“De Bourbourg hints that the chiefs of the name of Votan, the Quetzo-Cohuatl, or serpent deity of the Mexicans, are the descendants of Ham and Canaan. “I am a Hivim”, they say. “Being a Hivim, I am of the great race of the Dragon (snake). I am a snake myself, for I am a Hivim.”
And des Mousseaux, rejoicing because he believes himself fairly on the serpent’s, or rather, devil’s trail, hurries to explain – “According to the most learned commentators of our sacred books, the Chivim or Hivim, or Hevites, descend from Heth, son of Canaan, son of Ham…the accursed!”
But modern research has demonstrated, on unimpeachable evidence, that the whole genealogical table of the tenth chapter of Genesis refers to imaginary heroes, and that the closing verses of the ninth are little better than a bit of Chaldean allegory of Sisuthrus and the mythical flood, compiled and arranged to fit the Noachian frame.
But, suppose the descendants of these Canaanites, “the accursed”, were to resent for once the unmerited outrage? It would be an easy matter for them to reverse the tables, and answer to this fling, based on a fable, by a fact proved by archeologists and symbologists – namely, that Seth, Adam’s third son, and the forefather of all Israel, the ancestor of Noah, and the progenitor of the “chosen people”, as but Hermes, the god of wisdom, called also Thoth, Tat, Seth, Set, and Sat-an; and that he was, furthermore, when viewed under his bad aspect, Typhon, the Egyptian Satan, who was also Set.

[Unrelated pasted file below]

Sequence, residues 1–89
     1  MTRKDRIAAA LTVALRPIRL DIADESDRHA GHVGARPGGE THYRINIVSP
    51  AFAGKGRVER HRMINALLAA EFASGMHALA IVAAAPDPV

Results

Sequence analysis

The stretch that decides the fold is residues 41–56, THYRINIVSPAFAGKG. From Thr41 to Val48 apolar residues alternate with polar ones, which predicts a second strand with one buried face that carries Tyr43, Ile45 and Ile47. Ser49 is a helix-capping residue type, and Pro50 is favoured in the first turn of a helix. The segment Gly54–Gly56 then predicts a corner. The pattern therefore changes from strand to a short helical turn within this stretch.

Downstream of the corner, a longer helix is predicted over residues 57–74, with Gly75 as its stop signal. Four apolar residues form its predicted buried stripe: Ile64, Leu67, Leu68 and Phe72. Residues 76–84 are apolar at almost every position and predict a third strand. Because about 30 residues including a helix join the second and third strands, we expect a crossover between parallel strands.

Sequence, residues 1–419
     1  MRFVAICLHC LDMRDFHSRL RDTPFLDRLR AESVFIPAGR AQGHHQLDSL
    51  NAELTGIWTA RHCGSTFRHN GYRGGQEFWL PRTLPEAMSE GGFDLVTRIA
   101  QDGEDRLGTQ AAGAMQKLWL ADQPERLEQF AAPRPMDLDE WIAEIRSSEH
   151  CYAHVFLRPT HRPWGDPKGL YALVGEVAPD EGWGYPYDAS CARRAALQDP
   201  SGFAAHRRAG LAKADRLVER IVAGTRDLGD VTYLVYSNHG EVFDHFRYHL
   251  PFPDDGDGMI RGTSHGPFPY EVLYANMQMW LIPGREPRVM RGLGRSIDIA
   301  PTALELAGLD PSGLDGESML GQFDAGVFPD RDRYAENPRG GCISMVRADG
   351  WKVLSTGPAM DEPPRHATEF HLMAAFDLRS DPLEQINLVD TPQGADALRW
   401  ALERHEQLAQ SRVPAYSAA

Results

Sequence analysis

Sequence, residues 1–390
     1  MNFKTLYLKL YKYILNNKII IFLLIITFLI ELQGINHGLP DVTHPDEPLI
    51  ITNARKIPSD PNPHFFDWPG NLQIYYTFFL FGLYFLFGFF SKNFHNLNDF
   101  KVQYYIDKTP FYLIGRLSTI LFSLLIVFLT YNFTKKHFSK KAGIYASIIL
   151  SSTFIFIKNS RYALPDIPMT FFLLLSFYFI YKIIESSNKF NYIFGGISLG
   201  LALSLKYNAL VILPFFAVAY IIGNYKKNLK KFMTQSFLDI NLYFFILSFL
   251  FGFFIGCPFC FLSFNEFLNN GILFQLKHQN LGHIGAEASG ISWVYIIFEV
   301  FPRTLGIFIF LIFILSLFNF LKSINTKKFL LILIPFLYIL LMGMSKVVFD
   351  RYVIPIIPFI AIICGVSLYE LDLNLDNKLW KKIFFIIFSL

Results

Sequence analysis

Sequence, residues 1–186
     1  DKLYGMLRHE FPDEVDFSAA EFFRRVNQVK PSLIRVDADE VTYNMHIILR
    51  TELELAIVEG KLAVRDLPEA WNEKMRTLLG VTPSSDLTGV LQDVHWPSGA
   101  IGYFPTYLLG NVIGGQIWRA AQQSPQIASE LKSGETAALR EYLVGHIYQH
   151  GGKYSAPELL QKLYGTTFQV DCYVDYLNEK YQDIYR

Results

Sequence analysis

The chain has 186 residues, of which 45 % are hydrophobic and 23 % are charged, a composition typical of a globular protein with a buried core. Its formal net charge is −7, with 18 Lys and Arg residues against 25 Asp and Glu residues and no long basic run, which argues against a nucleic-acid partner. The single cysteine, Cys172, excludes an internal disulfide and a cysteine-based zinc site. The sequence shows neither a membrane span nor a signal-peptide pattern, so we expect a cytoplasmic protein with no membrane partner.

For the Jewish people, whose well-educated men, no more than Philo, or Josephus, the historian, regard their Mosaic books as otherwise than an allegory, such a discovery amounts to but little. But for Christians, who, like des Mousseaux, very unwisely accept the Bible narratives as literal history, the case stands very different.
As far as affiliation goes, we agree with this pious writer; and we feel every day as certain that some of the people of Central America will be traced back to the Phoenicians and the Mosaic Israelites, as we do that the latter will be proved to have as persistently stuck to the same idolatry – if idolatry there is – of the sun and serpent-worship, as the Mexicans.”
H. P. Blavatsky